It seems an extraordinary mixture of far too detailed planning (I can imagine charts of each characters' time line) with "making it up as they go along", leading to the incoherence within each episode. And I couldn't understand what the alien said which was broadcast - too garbled.

The old children's home reminded me of something, which I can't quite recall. There's Amy's old home and its invisible alien which has been rewritten out of her life, I suppose. But it seems to be from something totally different. The nearest I can get is a film based on what happened to Dorothy after Oz, which involved a mental hospital.

Penny

[ 01. May 2011, 07:45: Message edited by: Penny S ]
 
Posted by Dormouse (# 5954) on :
 
Now, I willingly admit that I'm the first to miss vital points, BUT from the beginning I was confused... Amy running for her life was "6 months later" - so what had happened in the intervening 6 months? Why were all four in different places? Did they know that Canton Thing was a goody or a baddy? Did they pretend to die when he shot them or not? Were the other Men In Suits with Canton goodies or baddies? When River Song fell out of the high rise did she know the Tardis was going to pick her up? If she didn't why was she calmly drying her hair instead of gabbling like a surprised monkey when we next saw her? Why WAS she in a half constructed high rise building in an evening dress? etc etc.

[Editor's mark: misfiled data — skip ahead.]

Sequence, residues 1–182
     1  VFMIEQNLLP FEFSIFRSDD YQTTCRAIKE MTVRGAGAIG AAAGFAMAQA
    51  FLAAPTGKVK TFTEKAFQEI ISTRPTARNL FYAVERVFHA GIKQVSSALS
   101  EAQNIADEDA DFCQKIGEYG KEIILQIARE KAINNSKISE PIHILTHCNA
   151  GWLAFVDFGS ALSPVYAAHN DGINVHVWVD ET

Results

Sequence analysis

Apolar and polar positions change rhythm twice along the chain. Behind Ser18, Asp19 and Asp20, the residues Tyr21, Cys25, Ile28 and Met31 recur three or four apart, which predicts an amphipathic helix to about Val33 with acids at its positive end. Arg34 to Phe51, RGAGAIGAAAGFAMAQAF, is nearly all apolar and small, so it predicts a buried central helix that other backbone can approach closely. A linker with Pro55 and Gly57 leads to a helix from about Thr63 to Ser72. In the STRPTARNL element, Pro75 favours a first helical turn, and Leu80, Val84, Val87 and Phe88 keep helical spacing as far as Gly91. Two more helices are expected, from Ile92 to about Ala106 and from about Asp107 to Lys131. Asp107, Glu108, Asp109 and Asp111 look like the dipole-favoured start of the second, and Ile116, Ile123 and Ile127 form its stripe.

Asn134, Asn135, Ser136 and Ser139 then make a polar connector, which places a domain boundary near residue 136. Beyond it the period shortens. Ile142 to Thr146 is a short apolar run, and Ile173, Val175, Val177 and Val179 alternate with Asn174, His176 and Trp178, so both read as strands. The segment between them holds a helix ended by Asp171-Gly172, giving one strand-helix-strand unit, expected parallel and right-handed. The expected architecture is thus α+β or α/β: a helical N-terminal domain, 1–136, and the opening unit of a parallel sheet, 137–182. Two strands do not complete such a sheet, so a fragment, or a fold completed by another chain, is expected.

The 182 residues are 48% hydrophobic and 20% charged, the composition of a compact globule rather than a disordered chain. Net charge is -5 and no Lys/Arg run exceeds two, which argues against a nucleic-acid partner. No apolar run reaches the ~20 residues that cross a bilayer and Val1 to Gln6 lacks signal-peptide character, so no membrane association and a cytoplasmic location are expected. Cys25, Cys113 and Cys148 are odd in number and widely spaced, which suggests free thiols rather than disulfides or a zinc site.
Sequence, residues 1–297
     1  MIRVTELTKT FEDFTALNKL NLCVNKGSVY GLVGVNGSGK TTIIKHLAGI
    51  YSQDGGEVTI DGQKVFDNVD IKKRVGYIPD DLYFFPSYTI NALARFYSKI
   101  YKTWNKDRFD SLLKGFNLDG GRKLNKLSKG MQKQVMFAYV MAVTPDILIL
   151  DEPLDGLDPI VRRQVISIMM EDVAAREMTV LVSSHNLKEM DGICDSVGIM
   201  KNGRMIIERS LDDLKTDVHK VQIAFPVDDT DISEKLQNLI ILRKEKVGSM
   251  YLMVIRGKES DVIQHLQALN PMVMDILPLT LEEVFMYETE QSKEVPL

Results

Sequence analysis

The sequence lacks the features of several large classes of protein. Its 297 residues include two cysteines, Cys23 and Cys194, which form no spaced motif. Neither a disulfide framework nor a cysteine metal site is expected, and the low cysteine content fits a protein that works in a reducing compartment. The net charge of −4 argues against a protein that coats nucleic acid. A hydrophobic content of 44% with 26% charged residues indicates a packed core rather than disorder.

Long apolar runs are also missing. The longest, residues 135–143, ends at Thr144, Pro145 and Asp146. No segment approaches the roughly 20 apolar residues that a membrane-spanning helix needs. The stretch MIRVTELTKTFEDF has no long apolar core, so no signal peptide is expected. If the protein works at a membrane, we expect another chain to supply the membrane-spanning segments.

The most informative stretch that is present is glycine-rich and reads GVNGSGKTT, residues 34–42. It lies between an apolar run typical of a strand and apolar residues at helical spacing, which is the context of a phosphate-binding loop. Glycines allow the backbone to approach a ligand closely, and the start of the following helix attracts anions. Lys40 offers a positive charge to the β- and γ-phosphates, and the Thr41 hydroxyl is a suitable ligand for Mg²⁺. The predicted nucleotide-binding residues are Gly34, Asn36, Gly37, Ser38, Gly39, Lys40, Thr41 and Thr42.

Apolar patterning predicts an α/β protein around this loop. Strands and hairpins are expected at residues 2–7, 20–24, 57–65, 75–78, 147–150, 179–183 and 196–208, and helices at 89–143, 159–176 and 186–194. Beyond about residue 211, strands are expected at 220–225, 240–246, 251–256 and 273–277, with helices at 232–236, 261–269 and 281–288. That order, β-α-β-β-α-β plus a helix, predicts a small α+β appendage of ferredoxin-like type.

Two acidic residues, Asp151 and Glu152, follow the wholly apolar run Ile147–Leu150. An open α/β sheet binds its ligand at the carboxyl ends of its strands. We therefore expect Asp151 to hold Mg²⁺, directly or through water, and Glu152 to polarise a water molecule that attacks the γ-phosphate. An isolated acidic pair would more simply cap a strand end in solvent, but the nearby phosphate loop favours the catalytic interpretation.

I was so full of questions that I sort of lost the plot at the beginning!
I enjoyed the episode, but I do seem to find myself being more critical...Or maybe there's more to be critical about?